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Star Entertainment names O’Neill as interim executive chairman

| By Robert Fletcher
Australia’s Star Entertainment Group has announced the appointment of John O’Neill as interim executive chairman with immediate effect.

O’Neill will lead the business in his new role following last week’s departure of long-serving chief executive and managing director Matt Bekier.

Bekier stepped down in direct response to a review into Star’s casino in Sydney, which launched in June last year amid concerns over ongoing over the venue’s possible breaches of anti-money laundering and counter-terrorism laws at its casinos.

Executive search company Spencer Stuart has commenced the search for a new managing director and CEO, though Bekier will be available in the short term to provide handover assistance.

O’Neill will be paid additional remuneration of AU$1.5m (£850,000/€1.0m/US$1.1m) per annum while he serves as executive chairman, bringing his total remuneration to AU$2.0m per year while in the role.

“While the board considers it critical that the company has stability in this transitional period to a new managing director and CEO, it acknowledges the need for accelerated board change,” Star said.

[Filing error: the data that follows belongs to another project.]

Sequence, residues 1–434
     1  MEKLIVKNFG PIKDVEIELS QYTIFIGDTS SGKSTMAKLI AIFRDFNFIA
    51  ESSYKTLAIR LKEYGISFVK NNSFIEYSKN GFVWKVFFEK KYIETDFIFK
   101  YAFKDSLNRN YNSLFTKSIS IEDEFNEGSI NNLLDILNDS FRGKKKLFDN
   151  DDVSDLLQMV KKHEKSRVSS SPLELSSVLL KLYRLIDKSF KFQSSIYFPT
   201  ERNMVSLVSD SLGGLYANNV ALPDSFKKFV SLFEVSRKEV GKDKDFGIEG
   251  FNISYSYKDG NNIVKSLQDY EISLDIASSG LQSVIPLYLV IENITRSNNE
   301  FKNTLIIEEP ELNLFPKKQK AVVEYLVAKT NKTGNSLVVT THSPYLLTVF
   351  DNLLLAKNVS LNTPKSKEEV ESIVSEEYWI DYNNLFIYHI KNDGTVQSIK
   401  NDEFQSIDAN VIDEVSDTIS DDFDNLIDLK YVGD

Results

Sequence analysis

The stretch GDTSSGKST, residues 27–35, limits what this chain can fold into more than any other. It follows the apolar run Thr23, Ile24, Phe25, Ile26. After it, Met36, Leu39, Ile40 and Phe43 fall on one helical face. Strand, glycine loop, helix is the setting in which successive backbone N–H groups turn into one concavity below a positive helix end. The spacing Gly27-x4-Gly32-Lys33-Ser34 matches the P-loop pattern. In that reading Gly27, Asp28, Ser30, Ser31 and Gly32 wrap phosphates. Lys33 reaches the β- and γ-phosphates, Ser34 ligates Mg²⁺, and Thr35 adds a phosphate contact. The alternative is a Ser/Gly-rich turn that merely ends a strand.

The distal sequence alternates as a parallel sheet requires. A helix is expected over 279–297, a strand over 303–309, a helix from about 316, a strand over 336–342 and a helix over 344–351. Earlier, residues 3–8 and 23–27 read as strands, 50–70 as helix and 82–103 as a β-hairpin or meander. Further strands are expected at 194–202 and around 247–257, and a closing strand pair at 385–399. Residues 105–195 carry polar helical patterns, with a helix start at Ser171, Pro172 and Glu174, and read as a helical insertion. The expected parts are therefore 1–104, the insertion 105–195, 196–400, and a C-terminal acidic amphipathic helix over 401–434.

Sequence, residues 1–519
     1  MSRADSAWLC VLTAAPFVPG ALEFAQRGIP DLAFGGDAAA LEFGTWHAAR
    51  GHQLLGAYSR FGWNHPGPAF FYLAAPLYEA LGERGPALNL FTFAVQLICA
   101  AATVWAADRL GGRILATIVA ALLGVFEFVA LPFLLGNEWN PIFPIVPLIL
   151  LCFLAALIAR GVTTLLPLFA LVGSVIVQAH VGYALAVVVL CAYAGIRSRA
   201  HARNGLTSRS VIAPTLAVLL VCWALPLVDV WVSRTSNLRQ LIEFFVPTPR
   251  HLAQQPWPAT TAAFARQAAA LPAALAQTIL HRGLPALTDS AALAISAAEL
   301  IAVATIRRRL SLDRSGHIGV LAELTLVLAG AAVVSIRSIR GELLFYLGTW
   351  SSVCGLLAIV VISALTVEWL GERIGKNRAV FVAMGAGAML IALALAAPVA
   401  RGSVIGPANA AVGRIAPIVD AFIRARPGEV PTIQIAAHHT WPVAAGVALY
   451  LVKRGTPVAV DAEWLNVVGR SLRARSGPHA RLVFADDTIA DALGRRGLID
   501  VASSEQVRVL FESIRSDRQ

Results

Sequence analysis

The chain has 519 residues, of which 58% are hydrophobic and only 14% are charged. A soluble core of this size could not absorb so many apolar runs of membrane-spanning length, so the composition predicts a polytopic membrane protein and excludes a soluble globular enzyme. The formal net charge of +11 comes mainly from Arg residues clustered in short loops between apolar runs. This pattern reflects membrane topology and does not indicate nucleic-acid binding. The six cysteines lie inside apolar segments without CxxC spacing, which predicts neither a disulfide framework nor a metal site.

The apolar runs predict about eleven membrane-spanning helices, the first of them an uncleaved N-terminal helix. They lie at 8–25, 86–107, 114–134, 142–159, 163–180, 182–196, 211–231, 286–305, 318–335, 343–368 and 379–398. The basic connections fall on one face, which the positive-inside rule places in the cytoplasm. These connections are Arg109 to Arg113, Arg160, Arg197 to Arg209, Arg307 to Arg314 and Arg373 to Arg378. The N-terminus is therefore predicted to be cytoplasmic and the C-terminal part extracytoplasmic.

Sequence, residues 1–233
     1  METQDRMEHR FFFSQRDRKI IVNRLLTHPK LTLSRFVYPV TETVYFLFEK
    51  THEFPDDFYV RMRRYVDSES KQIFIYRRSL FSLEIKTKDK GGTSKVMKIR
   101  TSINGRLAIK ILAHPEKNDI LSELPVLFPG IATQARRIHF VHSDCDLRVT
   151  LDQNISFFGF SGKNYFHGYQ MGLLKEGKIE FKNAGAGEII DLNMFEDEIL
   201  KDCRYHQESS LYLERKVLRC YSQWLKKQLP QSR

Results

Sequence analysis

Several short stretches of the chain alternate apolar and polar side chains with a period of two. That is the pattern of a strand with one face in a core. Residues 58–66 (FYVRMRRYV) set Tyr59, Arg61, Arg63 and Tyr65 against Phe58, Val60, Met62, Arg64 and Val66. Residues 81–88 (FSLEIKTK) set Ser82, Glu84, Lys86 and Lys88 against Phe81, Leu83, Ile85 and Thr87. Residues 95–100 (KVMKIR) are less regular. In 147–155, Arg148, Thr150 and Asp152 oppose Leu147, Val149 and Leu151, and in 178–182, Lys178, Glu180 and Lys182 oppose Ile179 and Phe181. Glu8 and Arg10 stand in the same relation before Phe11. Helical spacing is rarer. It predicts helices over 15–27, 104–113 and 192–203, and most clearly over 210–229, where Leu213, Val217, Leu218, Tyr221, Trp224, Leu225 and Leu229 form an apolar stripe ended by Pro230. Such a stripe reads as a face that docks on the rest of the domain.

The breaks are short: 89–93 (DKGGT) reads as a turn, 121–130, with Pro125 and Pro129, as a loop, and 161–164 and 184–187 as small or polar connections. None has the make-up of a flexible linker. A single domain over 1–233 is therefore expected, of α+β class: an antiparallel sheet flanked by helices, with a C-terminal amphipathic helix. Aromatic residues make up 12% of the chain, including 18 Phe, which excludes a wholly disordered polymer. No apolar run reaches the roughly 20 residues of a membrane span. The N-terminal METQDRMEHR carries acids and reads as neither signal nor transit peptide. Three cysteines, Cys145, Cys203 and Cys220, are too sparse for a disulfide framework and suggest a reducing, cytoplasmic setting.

“As Star continues to focus on its day-to-day business, it is also committed to its more than 8,000 team members after two years of Covid-related shutdowns and restrictions.”

Referencing the ongoing review of its operations, which was expanded in January this year to assess other entities within the group, Star said it continues to cooperate fully.

Public hearings into Star’s activities, which are ongoing, have so far heard a series of claims, including that Star allowed junket operator Suncity to operate its own cage at the Star Sydney casino, where it exchanged chips for cash, despite this contravening the New South Wales Casino Control Act.

The case also asserts that Star’s representations about policies being in place to mitigate risks such as money laundering, corruption, bribery, insider trading and restrictions on the use of gambling products were misleading or deceptive.

Also this week, Star was served with a securities class action lawsuit by Slater & Gordon on behalf of investors seeking compensation for alleged “misleading or deceptive representations” the operator made about its compliance with regulatory obligations.

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